Wesley Word – May 3, 2023
To go along with service on Sunday, May 7, 2023
Exploring Truth – On The Road
This week we turn to the story of The Road to Emmaus.
It is the evening of the first Easter Sunday. Jesus has died. And while there have been rumors among his followers that he had been seen alive, at least these two are giving up and going home.
Along the road out of town, they are met by a stranger who asks them what they were talking about. It must have been apparent that they were sad. They told him the story about Jesus as far as they knew it, up to his crucifixion, and the rumors they had heard about his resurrection.
The stranger then showed them in Scripture how the Messiah had to suffer, die, and rise again. When they stopped for supper, the stranger broke the bread and they recognized that it was Jesus. Immediately after that, Jesus disappeared.
Right away, the two disciples got up and returned to the rest of the disciples in the city. They shared how they had seen Jesus and they were told that others had seen Jesus as well.
Like these two disciples, when we feel like we are ready to give up, Jesus meets us where we are, points us back to Scripture, shows himself to us, and restores us to community.
New Testament in a Year: https://wesleyonline.org/biblereading/
- May 3 John 3:1-21
- May 4 John 3:22-4:3
- May 5 John 4:4-42
- May 6 John 4:43-54
- May 7 John 5:1-23
- May 8 John 5:24-47
- May 9 John 6:1-21
- May 10 John 6:22-42
Expressing Love: Family/Mission Activity
A journey on the road is something I’m well versed in now after last weekend. This journey physically took me 2,000 miles there and back. Over 4 thousand miles I rode (except for the hour and a half I drove a little over the speed limit, in the dark, singing off-key at the top of my hoarse voice). I met so many people on this journey, a stranger is just a friend I have not made yet. The spiritual part of this journey I took was even greater, as above in the scripture this week. Driving past homes (a shack on the side of the highway, really), national forests, sand dunes, driving through major cities, seeing the Pacific Ocean for the first time, and the icing on the cake (this does not include the time we spent with our daughter) seeing the Grand Canyon. It was a quick roller coaster of a spiritual journey that was talked about at great length in our truck. The utter heartbreak seeing people living in these shacks, the awe of watching people riding in the sand dunes. Seeing wild horses and roaming cows in the national forests, gazing at the ocean for the very first time, imagining what explorers must have thought when seeking a new land. But…but the Grand Canyon brought tears to my eyes. It was at once like the Holy Spirit slammed into me (again). You can try to describe it, but words do it no justice. I can imagine that having a not so random encounter with Jesus, whom you thought was no more, would also be an encounter that would be hard to describe. How do you properly explain what Jesus is really like? Does he speak with His hands?? That is like me trying to tell you the exact shades of red one will see at the Grand Canyon.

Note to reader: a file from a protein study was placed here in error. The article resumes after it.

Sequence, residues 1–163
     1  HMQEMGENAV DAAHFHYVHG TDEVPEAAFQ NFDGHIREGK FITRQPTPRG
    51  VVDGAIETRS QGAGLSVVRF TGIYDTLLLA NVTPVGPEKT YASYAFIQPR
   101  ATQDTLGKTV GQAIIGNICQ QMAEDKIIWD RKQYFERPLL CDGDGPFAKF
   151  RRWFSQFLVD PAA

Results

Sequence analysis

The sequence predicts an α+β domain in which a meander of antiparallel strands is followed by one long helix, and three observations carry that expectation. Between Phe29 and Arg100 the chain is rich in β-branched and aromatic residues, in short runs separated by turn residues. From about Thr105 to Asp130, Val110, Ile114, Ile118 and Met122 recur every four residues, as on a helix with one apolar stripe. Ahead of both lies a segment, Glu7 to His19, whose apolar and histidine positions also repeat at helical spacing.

This week let us all take a journey, physically as well as spiritually, looking at the beauty of nature all around us. You can open your front door to hear birds sing and see the grass and flowers. Know that God created all this, He created you, He created me. Once we were all strangers, now we are all brothers and sisters. Take in the beauty created just for you and let your soul sing this week.
- WOW (Wesley on Wednesdays) 6:00 pm.
- Senior Sunday this coming Sunday.
- The Muscatine Youth, Children’s, & Littlest Angels’ Choirs’ Spring Concert is Sunday, May 7, at 4:00 pm at Wesley. All are invited to this free concert! The choirs are working hard and are excited to present their songs to the community. These volunteer community choirs are open to Muscatine area singers in kindergarten-12th grade.
- Jackson Concert—Thursday, May 11, at 2:30 pm. The concert, like all Jackson concerts, is FREE. Martha Redbone will be performing. She is a Native American & African American vocalist/songwriter. She is known for her unique gumbo of folk, blues, and gospel from her childhood in Harlan County, Kentucky infused with the eclectic grit of pre-gentrified Brooklyn. Inheriting the powerful vocal range of her gospel-singing African American father and the resilient spirit of her mother’s Cherokee/Shawnee/Choctaw culture, and with songs and storytelling that share her life experience as a Native and Black woman and mother in the new millennium, Redbone gives voice to issues of social justice, bridging traditions from past to present.